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Actor Jimmy Jean Louis Joins Caribbean Cinema Festival 2014

Jimmy recently portrayed Toussaint Louverture, the 18th century leader of the Haitian Revolution, in a film about and named after this extraordinary Haitian hero. The role has been his most important French language film to date and has won him the BEST ACTOR award at the Pan African Film Festival, the Trinidad and Tobago International Film Festival & Vues d’Afrique and the International Film Festival in Canada. He was also nominated BEST ACTOR at the Africa Movie Academy Awards in 2012. Haitian born Jimmy Jean-Louis embodies the « rags to riches » story, growing up in the slums of Petion-Ville, Haiti, to becoming an international actor and Hollywood celebrity. His amazing story could have ended there, but while continuing to pursue his acting career, Jimmy shifted his focus to rebuilding his homeland, ravaged by the 7.0 earthquake on January 12th, 2010. Jimmy has had an international career since 2006, acting in films produced in France, England, Indonesia, USA, Nigeria, Ghana and Mexico. His international appeal is due greatly to his fluency in 5 languages: English, French, Spanish, Italian and Creole. His international credits include a starring role in A Butterfly Kiss with Italian star Valeria Golino, the French comedy, Coursier, by director Herve Renoh, Sinking Sand from the Ghanaian award winning director Leila Djansi and the Nigerian produced Doctor Bello. He will also be in “Misere” with Gerard Depardieu, and in the upcoming film,Yefon, by Kevin Natera’s, a “Nollywood” production (colloquial name of the Nigerian film industry; the second largest film industry in the world).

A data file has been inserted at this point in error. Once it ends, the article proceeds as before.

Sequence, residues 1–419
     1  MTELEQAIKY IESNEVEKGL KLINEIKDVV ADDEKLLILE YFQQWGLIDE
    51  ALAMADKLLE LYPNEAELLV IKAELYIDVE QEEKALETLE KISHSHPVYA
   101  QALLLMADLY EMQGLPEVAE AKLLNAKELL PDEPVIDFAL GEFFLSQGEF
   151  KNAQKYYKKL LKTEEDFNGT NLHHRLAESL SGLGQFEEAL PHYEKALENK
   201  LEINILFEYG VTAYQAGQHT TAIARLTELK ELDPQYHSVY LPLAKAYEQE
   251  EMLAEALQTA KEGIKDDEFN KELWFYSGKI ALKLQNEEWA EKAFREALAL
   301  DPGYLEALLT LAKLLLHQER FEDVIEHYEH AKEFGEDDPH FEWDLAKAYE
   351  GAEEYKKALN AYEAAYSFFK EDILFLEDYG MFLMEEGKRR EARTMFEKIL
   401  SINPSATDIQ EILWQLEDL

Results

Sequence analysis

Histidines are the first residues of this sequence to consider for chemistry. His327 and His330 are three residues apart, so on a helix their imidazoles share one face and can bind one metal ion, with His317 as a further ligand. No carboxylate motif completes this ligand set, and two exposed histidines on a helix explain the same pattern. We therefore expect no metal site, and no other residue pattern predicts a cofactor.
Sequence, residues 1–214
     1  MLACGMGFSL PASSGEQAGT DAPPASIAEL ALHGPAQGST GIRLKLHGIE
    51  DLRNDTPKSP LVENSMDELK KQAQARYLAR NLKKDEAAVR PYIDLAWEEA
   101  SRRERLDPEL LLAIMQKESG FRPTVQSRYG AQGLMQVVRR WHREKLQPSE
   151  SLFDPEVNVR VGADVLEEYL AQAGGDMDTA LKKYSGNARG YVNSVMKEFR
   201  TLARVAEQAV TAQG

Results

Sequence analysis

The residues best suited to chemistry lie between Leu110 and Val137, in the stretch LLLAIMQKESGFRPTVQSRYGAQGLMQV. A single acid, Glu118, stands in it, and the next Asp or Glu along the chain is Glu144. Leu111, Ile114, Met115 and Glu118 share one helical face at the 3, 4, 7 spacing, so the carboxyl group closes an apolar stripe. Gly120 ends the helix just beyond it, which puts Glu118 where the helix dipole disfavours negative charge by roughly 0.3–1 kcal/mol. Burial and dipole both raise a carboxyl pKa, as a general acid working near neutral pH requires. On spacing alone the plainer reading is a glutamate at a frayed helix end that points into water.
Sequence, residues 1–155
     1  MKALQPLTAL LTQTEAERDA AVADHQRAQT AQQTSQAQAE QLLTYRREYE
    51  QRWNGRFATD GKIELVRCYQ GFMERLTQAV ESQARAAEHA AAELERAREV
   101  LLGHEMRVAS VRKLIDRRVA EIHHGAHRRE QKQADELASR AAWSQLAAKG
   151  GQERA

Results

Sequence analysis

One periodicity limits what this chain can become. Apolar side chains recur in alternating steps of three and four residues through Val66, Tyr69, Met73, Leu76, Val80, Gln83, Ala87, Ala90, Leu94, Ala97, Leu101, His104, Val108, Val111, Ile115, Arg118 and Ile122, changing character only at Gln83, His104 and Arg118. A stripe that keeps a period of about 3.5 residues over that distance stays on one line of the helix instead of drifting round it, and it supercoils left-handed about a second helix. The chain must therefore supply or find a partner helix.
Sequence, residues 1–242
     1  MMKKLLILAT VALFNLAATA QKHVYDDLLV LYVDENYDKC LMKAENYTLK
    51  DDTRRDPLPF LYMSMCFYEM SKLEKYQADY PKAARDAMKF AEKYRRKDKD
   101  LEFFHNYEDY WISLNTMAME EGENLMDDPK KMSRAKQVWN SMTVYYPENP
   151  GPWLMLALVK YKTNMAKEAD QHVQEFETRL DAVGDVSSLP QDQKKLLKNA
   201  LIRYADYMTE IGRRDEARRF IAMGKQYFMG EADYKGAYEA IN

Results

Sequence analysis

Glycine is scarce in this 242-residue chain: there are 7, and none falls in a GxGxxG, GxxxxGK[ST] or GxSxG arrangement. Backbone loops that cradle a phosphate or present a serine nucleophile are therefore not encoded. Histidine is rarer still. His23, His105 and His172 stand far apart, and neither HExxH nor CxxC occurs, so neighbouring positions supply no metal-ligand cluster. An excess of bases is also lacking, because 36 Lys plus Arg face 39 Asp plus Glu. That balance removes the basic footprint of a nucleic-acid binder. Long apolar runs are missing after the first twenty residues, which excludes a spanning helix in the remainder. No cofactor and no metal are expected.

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Dean Spade: Teaching the Politics of Occupation

Dean Spade is Associate Professor of Law at Seattle University and the founder of the Sylvia Rivera Law Project, a non-profit law collective that provides free legal services to transgender, intersex ad gender non-conforming people who are low income and/or people of color. Spade is the author of ‘Normal Life: Administrative Violence, Critical Trans Politics and the Limits of Law’ and is currently co-teaching a new course on “Occupation: Law, Politics, Morality” at Columbia Law School. Co-sponsors: LGBT Resource Center.

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Dana Olwan & Farhana Sultana: Islam & the Academy: Confronting Orientalism

Dana Olwan is Assistant Professor of Women’s & Gender Studies where she is currently preparing her book ‘Dishonorable Crimes: Murder, Rescue, and the Politics of Canadian Multiculturalism’. Farhana Sultana is an Associate Professor of geography whose work includes the edited volume ‘The Right to Water: Politics, Governance and Social Struggles’. Co-sponsor: Women’s and Gender Studies.

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Illegal in Arizona – Banned Ethnic Studies: Can this be a national trend?

Sean Arce, former director of Arizona’s Tucson Unified School District’s outlawed Mexican American Studies (MAS) Program. Co-sponsors: Latino/a-Latin American Studies, University College, Humanities Center, College of Arts & Sciences, Cultural Foundations of Education, and La Casita Cultural Center.